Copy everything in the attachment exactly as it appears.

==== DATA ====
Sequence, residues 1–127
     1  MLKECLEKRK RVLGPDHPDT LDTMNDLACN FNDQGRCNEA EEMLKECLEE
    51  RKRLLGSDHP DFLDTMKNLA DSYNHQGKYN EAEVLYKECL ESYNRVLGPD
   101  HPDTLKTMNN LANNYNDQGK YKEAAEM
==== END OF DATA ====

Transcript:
Sequence, residues 1–127
     1  MLKECLEKRK RVLGPDHPDT LDTMNDLACN FNDQGRCNEA EEMLKECLEE
    51  RKRLLGSDHP DFLDTMKNLA DSYNHQGKYN EAEVLYKECL ESYNRVLGPD
   101  HPDTLKTMNN LANNYNDQGK YKEAAEM